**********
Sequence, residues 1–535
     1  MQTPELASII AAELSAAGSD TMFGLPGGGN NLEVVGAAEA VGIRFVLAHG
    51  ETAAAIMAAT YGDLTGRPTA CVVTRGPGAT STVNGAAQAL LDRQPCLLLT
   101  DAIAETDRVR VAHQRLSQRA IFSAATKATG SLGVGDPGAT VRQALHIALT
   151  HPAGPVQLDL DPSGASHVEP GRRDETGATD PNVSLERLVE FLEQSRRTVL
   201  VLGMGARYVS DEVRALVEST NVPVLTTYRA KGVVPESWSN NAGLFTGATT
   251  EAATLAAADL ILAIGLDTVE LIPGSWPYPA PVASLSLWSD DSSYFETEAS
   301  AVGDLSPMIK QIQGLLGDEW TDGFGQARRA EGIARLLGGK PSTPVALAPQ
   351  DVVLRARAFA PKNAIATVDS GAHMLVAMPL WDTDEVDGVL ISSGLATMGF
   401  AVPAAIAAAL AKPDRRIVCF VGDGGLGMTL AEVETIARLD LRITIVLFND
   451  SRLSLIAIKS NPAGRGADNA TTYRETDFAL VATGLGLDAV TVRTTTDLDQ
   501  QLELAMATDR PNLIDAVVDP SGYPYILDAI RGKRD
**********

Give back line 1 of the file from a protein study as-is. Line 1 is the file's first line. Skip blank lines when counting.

Sequence, residues 1–535